Goodreads asked K. Caffee:

Where did you get the idea for your most recent book?

K. Caffee I first was introduced to the series on the 3-D chat platform IMVU where a large percentage of the people behind the monitors enjoyed role play with vampires, werewolves, or other dark beings. Personally, I never managed to become totally enraptured with these types of characters, though I do like the occasional book about them. But, to participate, almost every open chat room advised human characters to stay out, or become dinner/slaves/pets/skins tacked to a wall/ you name it. That’s fine with me! I enjoy dipping my feet into the fantastical. But, what type of character did I want?

I have dipped my feet into the Dungeons and Dragons realms, gleefully running elves, half elves, and winged elves through numerous campaigns. But, all of these more-or-less established characters were aligned with the good guys. The rooms I wanted to play in now would have erupted into a constant battle zone (an offense worth suspending privileges over if the room owner stopped by!) or I would have had to let the character die (something else to be avoided if possible.)

I had bumped into the White Wolf Changeling system, but had never really explored it. So, I decided to try out one of the character races. Now, normally, I am a lurker in a chat room, occasionally offering snippets of wisdom if I can make the room fall apart in laughter. The character type that fit best for this are the pukah. So, I did a little research beyond just the White Wolf gaming system.

The bulk of the information came from Wikipedia (everyone’s go to source, right?).

OK. These are shy, mischievous little buggers. That fits me to a “T”! So, since I was not yet an accepted member of the room’s residents, I never did offer a name for the character. Woops! As time went past, and I began interacting more and more, Nameless’ remained nameless, and became a more fleshed out character. And, the havoc he could wreak! (Have you ever had a day when an active chat went silent for a good five minutes because people were laughing so hard they couldn't type? Yeah, I can claim that glory with Nameless.) Yet even with the humor I brought with him, he did not fit. I was accepted, but the atmosphere of the room was completely wrong for a happy-go-lucky character. I started slowly changing his attitudes and expressions to become a better fit with the room. His bright, shiny self dimmed, then went black. His light hearted humor took on a more malicious bent. His pranks quit being harmless (using holy water in the bucket propped over the door when you know a vampire is due in any moment type change.)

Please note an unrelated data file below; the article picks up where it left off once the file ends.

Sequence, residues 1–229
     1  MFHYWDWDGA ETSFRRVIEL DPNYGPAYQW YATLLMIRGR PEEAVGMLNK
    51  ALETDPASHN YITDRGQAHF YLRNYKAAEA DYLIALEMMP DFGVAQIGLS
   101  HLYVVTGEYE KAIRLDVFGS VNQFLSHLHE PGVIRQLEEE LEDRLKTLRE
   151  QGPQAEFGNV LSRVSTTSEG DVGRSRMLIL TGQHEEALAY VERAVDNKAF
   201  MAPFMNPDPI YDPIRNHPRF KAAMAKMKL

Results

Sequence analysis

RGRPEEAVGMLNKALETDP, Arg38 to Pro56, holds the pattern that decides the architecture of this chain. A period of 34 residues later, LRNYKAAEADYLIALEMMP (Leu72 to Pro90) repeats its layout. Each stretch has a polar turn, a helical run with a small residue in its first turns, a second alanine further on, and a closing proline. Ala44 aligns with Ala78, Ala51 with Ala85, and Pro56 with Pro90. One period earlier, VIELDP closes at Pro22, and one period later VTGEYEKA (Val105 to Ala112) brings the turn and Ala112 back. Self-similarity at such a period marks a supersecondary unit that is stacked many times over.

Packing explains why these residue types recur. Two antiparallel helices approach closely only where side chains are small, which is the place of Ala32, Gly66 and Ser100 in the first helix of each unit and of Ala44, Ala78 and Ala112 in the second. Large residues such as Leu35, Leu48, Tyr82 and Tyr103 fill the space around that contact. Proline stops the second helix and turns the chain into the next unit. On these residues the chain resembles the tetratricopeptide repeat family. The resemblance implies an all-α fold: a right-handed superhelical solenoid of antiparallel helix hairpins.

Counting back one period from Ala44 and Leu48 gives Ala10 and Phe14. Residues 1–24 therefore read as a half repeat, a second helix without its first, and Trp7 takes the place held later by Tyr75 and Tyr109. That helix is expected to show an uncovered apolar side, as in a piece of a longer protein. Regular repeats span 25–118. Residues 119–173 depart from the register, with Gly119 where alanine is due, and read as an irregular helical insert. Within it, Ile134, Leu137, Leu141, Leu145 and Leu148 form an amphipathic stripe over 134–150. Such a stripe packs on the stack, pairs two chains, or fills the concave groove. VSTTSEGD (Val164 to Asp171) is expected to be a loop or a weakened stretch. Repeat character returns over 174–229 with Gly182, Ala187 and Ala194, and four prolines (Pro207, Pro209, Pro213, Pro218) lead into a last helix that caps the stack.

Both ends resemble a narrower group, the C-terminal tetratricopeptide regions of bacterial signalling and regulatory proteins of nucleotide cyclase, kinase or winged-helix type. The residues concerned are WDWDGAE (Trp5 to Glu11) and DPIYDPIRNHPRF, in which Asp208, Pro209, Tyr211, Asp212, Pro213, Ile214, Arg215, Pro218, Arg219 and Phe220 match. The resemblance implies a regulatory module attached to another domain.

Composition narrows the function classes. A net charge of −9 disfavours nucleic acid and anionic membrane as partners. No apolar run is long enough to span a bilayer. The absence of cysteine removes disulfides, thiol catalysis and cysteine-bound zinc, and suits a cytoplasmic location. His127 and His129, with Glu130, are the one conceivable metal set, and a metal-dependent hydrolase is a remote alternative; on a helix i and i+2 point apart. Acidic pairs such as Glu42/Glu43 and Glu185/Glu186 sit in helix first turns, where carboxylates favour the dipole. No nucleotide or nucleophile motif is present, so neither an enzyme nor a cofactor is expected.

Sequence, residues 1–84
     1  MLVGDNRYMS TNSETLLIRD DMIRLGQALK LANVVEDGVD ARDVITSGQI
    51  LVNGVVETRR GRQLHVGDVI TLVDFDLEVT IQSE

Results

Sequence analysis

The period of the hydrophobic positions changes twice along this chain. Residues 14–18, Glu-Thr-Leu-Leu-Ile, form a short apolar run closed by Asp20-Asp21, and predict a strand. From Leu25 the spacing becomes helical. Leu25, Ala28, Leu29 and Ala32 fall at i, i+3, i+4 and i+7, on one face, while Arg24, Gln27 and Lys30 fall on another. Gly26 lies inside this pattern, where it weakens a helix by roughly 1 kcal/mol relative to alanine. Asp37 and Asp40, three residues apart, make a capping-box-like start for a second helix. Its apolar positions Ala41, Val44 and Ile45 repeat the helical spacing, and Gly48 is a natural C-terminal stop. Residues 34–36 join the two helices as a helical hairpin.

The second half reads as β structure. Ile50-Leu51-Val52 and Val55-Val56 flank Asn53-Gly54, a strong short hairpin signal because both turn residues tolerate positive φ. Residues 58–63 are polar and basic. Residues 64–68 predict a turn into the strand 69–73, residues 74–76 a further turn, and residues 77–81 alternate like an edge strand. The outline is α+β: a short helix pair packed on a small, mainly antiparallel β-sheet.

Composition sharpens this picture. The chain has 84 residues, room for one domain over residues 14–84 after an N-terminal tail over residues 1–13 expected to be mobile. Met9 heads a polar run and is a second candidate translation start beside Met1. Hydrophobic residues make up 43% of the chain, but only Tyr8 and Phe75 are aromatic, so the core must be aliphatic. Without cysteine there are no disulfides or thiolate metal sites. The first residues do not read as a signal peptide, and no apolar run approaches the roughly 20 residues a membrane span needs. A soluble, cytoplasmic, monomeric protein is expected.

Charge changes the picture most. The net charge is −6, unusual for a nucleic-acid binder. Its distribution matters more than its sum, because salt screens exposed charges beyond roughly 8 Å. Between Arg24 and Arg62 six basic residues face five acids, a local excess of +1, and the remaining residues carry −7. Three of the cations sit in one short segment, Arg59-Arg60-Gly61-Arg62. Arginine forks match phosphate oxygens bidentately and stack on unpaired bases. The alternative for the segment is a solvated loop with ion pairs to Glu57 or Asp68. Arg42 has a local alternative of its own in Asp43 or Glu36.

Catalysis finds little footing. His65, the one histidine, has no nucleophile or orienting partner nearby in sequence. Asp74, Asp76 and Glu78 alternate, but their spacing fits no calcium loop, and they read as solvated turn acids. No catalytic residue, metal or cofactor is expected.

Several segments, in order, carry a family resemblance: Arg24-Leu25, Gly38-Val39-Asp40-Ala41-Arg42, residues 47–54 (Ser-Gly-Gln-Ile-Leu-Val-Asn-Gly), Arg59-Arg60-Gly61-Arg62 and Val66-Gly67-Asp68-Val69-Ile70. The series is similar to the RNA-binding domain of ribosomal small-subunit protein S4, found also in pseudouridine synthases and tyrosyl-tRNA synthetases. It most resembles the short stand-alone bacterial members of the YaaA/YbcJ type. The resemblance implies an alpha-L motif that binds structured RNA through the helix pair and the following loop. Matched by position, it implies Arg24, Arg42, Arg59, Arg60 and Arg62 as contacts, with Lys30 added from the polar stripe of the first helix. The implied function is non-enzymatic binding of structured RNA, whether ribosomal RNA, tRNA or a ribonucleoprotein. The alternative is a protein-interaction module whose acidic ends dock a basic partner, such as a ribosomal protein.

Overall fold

Now, a definite story line had started developing with a smaller sub-group in the room, and we decided to branch off a bit to explore this potential. Along the way, one of the other players asked before a session started, “But, where did Nameless come from?”

You know, that was probably the best question I have ever been asked. Sure, I could have changed Nameless from a pukah to one of the darker races offered within the White Wolf system. But, to do that, he would no longer have been… Nameless. Not the syntax mangling, laughter inducing maniac our group had come to love and hate and love to hate. So, I began to consider what would have caused a creature meant to bring laughter, happiness, and general light minded mischief to be such a hard hearted, cruel, violent being.

The series Followers of Torments is the answer.

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